How do we get radio programmes in our radio sets?

How do we get radio programmes in our radio sets?


Energy comes in two basic forms: “Potential” and “Kinetic”

Potential Energy is any type of stored energy; it is not shown through movements. Potential Energy can be chemical, nuclear, gravitational or mechanical.

Kinetic Energy is the energy of movements: motion of electrons in electricity, vibrations of atoms by a sound wave etc.

Each form of energy can be transformed into any other form of energy. But energy is not destroyed or created. Sound is a mechanical form of energy (i.e. potential energy) which travels in the form of a wave which is made through the transmitted vibration of atoms in bulk. This mechanical wave is an oscillation of pressure. This pressure created by sound could be used to convert it into electrical energy according to law of thermodynamics.

Electric energy is the kinetic energy, of moving electrons, the negatively charged particles in atoms. Sound waves are not converted into radio waves. First, sound waves are converted into electrical signal using a microphone. Then this mild signal is amplified (intensified). Now a high frequency radio wave is modulated with this amplified signal. This modulated radio wave is then propagated through space. The receiving radio set converts these electromagnetic waves into electrical energy and further to sound waves.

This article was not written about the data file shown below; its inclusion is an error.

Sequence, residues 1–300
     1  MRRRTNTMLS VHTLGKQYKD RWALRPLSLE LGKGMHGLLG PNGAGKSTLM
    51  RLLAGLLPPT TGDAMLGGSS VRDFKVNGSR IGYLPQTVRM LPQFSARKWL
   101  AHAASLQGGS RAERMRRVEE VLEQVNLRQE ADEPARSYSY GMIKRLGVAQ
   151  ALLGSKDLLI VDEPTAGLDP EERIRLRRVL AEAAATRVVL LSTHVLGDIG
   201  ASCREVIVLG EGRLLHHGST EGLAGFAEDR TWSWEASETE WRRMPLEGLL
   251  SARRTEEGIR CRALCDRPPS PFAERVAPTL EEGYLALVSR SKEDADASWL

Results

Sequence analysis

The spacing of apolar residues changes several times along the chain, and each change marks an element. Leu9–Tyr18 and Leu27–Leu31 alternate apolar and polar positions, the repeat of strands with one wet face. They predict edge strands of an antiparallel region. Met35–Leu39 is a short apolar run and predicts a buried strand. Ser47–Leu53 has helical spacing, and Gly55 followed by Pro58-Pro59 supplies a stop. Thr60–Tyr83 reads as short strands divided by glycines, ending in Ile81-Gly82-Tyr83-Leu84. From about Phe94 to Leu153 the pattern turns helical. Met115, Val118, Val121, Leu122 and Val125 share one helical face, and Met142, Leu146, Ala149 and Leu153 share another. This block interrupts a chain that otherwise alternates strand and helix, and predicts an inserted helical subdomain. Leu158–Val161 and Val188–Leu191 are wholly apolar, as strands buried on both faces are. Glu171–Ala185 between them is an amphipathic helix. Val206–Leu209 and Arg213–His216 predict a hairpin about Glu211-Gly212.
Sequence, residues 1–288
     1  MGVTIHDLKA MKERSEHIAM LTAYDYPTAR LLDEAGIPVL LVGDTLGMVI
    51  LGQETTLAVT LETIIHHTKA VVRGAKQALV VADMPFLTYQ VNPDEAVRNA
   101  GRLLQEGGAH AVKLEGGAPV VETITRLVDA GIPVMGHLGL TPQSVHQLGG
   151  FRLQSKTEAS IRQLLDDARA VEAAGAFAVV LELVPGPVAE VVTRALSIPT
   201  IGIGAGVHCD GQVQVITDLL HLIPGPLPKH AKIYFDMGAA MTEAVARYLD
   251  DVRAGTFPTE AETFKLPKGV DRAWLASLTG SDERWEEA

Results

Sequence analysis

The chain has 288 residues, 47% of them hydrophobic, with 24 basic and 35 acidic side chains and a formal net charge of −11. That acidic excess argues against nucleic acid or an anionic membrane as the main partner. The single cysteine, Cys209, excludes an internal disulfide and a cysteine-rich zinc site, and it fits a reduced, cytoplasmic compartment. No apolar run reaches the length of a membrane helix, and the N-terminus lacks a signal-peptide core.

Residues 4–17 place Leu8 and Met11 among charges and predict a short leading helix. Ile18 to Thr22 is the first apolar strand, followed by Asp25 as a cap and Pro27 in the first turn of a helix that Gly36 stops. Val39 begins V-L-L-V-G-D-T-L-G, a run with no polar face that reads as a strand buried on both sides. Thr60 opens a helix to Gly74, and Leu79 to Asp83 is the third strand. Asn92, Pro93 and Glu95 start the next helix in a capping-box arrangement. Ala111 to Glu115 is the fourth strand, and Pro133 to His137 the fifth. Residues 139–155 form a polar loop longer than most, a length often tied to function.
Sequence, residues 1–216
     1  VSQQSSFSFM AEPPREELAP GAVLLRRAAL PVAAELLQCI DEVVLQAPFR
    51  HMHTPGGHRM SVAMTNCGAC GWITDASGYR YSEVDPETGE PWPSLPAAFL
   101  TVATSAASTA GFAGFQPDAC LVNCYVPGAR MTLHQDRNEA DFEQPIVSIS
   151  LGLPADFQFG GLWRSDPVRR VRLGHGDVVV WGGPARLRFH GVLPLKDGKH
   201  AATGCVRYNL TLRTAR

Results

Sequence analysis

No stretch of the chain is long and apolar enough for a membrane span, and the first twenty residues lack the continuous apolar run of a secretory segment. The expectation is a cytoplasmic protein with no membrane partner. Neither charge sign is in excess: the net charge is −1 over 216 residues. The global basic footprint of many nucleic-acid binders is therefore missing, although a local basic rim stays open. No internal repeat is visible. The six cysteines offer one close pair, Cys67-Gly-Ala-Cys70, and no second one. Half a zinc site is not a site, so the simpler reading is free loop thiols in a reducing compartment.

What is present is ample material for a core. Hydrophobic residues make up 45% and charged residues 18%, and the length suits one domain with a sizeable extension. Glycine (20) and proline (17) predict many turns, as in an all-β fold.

Sound waves have different frequencies and wave lengths (related to pitch) and different magnitudes (related to how loud). Based on this, earlier Amplitude Modulation (AM) was used in Radio. But when Frequency Modulation was invented, which was useful in reducing static and interference from electrical equipment and atmosphere, is in use now a days. Later in 1960 a pocket size transistorized radio was also invented.

It is important to understand that our radios are only receivers. The radio stations that create various programmes have powerful transmitters and they also have receivers to talk to the public. But our mobile phones have receivers and transmitters.